By John Kelly
On the sideboard in our living room is a photograph of two fresh-faced young men in military uniform. The emotional celebration of Armistice Day this year has brought those two young men more to mind than ever. These are historic times indeed in Ireland. The visit by Prince Phillip and the meeting between the president of Ireland with the queen of England to honor all of the Irish who died for England has put an entirely new perspective on the relationship between North and South.
The young men standing at ease as they were photographed were my uncles Mike and Pat Kelly. They wear the uniforms of the U.S. Army. On the top of the photograph over their heads is the inscription written in a childish hand, "Father" and "Uncle."
On the left sleeve of the uniform worn by my uncle, Pat, are four stripes shaped like descending arrows. There is only one on Mike’s sleeve. The studio photograph was taken almost certainly at the end of World War I after both brothers, two of seven sons and five sisters in a family of 12, had returned from France.
The inscription was carefully penned by my cousin Edward Kelly, who is now in his 70s and lives in Mahopac, N.Y. He had no inkling then, naturally enough, but the war that was to end all wars later propelled him into World War II, where he was engaged on the extremely hazardous duty of escorting Atlantic conveys as a member of the U.S. Coast Guard.
Pat Kelly’s son also went to sea just after World War II. He was stationed with the Pacific command and was on one of the ships that supervised experimental A-bomb blasts. The men were unprotected when explosions were carried out only 17 miles distant. He lost all of his teeth at the age of 19 and died as the result of cancer when he was only 52.
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So much for the heroism of war.
You can be quite sure that when Mike and Pat Kelly immigrated to the U.S., probably about 1915, they never imagined for one second that they would be shipped back to Europe to serve in the battlefields of France in U.S army uniforms.
They went to America because they were ambitious and adventurous enough to go. Then, like thousands of other Irish emigrants, they went on to serve their adopted country. Judging by their smiling countenances in the old photograph, they seemed to be happy enough. At least they had survived, although Pat was wounded as the result of mustard gas shells.
By a strange quirk of fate, I was to meet him many years later, just before he died, in fact. I will never, ever forget the setting or the atmosphere in which our only meeting took place. He was then a patient in an extremely large veteran’s hospital in New York City, reluctantly undergoing treatment for a blood clot in an artery in his leg.
It was a large ward and from almost every bed there was the tortured noise of continuous coughing. Although more than 50 years had passed since the first Veteran’s Day, or Armistic Day, as it is called in Europe, those old men were still suffering the effects of the heinous mustard gas that had blighted all of their lives. The collective noise was like one great gush of human suffering.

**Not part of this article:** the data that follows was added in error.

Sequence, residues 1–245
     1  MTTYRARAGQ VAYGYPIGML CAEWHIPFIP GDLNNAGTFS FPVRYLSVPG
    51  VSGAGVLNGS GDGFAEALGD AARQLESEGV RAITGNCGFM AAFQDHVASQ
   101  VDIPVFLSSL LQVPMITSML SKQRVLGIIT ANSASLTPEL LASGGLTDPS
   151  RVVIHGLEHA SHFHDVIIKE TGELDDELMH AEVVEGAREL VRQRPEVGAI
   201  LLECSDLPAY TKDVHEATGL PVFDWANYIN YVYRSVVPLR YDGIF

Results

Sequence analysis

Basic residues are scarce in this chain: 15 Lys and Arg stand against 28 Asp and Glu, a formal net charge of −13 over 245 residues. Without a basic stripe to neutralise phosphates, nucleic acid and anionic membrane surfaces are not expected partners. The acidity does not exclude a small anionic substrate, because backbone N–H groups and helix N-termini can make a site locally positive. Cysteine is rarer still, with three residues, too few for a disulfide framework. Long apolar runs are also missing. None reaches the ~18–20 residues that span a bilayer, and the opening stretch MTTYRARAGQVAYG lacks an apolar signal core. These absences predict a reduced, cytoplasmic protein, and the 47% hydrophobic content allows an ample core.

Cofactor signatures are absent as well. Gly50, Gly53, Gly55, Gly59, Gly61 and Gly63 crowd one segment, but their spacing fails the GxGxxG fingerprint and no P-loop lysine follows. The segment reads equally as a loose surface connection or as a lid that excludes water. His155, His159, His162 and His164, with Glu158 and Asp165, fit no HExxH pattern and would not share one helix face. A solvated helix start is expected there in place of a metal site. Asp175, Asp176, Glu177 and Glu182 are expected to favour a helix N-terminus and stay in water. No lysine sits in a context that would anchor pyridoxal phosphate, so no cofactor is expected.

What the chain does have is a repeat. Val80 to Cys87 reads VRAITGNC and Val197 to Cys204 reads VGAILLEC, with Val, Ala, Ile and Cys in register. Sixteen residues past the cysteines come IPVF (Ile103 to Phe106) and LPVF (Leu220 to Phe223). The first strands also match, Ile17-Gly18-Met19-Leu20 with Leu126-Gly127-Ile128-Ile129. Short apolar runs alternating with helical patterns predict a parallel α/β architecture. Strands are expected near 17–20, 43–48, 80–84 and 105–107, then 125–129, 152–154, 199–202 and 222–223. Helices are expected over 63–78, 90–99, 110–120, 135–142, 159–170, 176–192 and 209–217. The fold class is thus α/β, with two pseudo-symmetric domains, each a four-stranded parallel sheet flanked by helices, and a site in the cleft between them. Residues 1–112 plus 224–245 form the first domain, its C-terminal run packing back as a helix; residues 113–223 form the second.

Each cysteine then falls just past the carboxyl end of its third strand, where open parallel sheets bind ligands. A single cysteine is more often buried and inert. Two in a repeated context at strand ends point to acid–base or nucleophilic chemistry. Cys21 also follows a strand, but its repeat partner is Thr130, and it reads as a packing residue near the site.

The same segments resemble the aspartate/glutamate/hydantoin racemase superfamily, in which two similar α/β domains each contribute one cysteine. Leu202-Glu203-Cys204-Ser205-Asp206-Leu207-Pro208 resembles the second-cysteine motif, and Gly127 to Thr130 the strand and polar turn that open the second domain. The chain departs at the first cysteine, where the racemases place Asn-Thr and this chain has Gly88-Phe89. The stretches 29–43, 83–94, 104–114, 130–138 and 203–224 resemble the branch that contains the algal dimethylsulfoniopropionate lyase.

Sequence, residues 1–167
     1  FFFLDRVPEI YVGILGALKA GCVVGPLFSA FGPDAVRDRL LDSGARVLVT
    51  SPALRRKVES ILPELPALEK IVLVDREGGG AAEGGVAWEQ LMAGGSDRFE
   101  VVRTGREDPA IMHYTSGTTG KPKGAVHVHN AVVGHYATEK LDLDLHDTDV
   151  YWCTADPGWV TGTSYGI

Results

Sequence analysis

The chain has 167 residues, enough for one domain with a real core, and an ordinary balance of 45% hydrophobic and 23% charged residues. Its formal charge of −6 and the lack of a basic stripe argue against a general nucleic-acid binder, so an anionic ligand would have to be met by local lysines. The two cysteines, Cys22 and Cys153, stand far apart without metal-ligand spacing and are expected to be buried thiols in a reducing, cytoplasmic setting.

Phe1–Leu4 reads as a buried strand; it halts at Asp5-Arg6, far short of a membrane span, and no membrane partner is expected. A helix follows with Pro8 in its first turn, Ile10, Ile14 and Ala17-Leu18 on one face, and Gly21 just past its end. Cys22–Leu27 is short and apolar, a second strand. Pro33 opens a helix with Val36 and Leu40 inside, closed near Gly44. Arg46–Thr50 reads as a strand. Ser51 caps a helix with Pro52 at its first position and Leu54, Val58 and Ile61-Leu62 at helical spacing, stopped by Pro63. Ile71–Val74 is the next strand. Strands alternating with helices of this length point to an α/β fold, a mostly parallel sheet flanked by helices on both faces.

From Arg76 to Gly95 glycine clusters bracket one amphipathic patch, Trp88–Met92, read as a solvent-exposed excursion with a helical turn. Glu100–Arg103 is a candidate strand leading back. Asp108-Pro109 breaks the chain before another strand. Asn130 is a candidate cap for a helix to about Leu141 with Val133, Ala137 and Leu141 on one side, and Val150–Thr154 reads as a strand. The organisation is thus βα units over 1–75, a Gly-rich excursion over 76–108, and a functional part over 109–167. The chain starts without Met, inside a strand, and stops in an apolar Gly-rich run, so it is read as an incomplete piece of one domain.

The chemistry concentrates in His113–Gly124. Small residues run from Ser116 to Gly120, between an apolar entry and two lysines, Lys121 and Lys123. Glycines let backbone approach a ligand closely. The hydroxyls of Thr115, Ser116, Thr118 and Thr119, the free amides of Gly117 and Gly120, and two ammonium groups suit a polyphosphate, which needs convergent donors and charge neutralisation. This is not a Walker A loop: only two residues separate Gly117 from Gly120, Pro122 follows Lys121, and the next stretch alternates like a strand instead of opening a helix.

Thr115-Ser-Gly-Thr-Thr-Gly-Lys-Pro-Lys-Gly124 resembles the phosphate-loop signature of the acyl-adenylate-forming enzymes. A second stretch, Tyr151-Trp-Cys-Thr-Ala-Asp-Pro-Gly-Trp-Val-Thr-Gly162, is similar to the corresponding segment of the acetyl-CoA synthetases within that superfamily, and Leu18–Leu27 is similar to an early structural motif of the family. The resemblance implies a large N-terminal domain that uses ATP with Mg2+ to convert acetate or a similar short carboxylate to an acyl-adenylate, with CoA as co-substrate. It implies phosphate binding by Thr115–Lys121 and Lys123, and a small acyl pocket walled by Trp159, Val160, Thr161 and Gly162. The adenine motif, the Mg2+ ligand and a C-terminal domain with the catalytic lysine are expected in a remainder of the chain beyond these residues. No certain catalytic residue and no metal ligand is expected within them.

Incidentally, it was an emotional occasion for quite another poignant reason. Paddy used to bring my father, the youngest of the seven Kelly brothers, to school every morning in the rural hinterland of Roscommon. They had never met since then. The last time they had been together was on the day Paddy Kelly emigrated with his brother Mike.
Two days later for some inexplicable reason, Pat Kelly checked out of the veteran’s hospital prematurely. He dropped dead in some anonymous city street as the result of a massive heart attack. He never did get back to Ireland, not once. And he never was to see the family home again. So much for the real tragedy of emigration in those years.
The Kellys were republicans, of course. Their father, Edward Kelly, my grandfather, had been very active in the Land League, founded in Mayo only a few miles across the Roscommon border, a generation before the outbreak of the Great War. It was somewhat paradoxical that two of his sons should have fought alongside the British in the last, most horrific colonial war, which tore at the heart of Europe and led, ultimately through the fatally flawed Treaty of Versailles, to another world war.
It was even more ironic that thousands of other Irishmen from all parts of the island of Ireland, especially from Munster, where many of the great Irish regiments originated, should volunteer to fight alongside their historical oppressors.
People like my uncles fought for their adopted country, not for Britain. Still, genuine Irish republicans like the aged Willie Redmond chose to fight with the British in the seemingly perverse belief that it would secure the aim of nationalist Ireland, an independent island with its own parliament for the first time since the Act of Union in 1800.
It was seemingly perverse because the men who joined the 53-year-old Willie Redmond in the Irish Volunteers, the men who died along with him and hundreds of thousands of English, Welsh and Scots, swam against the militant republican tide, then sweeping through Ireland, the tide that reached its height with the 1916 rebellion.
Only a short time later, that same army for which they had fought in the muddy horrors of battles like Ypres, rewarded their loyalty with the horror of marauding Black and Tans, who inflicted atrocity after atrocity on their people.
It laid the foundation for the great split between the people of this island that continues to the present. As Prince Phillip said during his historic visit to Ireland, it is time that the artificial divisions on the island of Ireland were ended. It is time indeed that the all-Ireland dimension of the war to end all wars were recognized.